After that meeting, most everything was set. Now for the hard part: actually making it. To do that, they needed artists.
Ron Marz: The first iteration of this would have been John Romita, Jr. and José Luis Garcia-Lopez drawing the books. I was told Jose passed because he didn’t want to draw a big superhero thing.
José Luis Garcia-Lopez (Doctor Strangefate artist): I was offered just one of the stories (Editor’s Note: Doctor Strangefate) by Mike Carlin and I didn’t even (think) to turn it down. It was an interesting project with an editor I liked (still do).
Ron Marz: Then I believe Marvel offered it to Adam and Andy Kubert – this is the story I heard – and they both passed because frankly all of those guys were drawing X-Books and those books were evergreen sellers and Marvel understandably was not keen to move them off their monthly breadwinners. So the next logical choice for DC was to have Dan (Jurgens) do it, because he was – and still very much is – emblematic of what a DC book liked like at that time.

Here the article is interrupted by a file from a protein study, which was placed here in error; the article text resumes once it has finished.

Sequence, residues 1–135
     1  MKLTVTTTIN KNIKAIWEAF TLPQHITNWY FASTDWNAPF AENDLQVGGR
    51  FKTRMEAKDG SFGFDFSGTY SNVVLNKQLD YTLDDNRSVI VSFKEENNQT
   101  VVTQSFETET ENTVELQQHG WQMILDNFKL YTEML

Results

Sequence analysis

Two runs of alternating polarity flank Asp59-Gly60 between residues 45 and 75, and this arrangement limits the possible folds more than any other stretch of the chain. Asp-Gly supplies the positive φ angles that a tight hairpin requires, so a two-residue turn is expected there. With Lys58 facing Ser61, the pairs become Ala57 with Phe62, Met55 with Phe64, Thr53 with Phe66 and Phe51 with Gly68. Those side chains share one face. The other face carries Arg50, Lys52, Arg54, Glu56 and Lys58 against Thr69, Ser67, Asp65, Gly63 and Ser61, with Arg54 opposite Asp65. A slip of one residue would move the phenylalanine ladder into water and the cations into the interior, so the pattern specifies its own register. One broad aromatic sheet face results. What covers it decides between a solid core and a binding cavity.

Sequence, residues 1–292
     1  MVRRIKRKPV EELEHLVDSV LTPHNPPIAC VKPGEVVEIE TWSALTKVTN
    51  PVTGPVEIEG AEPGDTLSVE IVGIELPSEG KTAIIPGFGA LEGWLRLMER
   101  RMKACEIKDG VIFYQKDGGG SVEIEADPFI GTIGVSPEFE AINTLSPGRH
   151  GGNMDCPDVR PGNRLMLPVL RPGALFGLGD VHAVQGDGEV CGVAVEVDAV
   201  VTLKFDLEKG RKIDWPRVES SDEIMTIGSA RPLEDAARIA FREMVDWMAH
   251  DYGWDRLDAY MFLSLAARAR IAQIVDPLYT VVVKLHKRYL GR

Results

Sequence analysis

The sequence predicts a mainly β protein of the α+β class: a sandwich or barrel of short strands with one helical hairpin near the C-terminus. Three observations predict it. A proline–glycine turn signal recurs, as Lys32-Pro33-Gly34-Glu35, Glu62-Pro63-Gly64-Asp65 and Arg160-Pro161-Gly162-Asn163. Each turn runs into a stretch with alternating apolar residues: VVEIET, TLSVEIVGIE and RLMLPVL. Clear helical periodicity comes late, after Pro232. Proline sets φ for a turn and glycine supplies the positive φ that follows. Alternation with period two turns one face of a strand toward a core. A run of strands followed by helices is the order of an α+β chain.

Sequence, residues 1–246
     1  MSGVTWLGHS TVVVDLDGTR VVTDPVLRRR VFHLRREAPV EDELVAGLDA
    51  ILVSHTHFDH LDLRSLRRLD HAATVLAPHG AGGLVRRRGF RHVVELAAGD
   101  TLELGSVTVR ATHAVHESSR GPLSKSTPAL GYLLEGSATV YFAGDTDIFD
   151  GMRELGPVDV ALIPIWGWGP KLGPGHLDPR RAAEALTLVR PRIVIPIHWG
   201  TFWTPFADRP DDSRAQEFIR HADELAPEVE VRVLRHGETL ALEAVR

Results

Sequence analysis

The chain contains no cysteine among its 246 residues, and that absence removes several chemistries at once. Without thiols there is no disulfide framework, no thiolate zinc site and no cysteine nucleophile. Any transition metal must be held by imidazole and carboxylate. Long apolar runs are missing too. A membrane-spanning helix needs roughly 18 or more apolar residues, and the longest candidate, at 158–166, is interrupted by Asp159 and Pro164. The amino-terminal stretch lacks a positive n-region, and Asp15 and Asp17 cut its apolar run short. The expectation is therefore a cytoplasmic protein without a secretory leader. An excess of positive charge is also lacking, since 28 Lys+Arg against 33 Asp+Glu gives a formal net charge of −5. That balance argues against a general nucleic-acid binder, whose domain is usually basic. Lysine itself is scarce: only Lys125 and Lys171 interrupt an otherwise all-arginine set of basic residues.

Dan Jurgens (DC vs. Marvel co-artist): Mike gave me a call one day and said, “guess what, Marvel and DC have seen the market decline somewhat in the past couple of years and we want to give it a shot in the arm and we’re going to be doing a Marvel vs. DC crossover.” He kind of set it up by explaining “we’re going to get two DC guys to do it and we’re going to get a couple Marvel guys to do it, and are you onboard?” And normally when someone offers me a project, I say, “well, give me a day to think about it.” That took all of about one millisecond to say, “oh yeah, I’m in.”
Ron Marz: Claudio (Castellini) wound up on it, I think to great extent on the strength of the Silver Surfer: Dangerous Artifacts job that he and I had done. He was not on a regular book at Marvel at the time so we weren’t pulling someone away from a book. I think it was also a factor that Claudio is very much inspired by John Buscema’s art and to me, John Buscema is the other side of the coin to Kirby at Marvel. So having a Buscema kind of sensibility on the book seemed to make some sort of historical sense.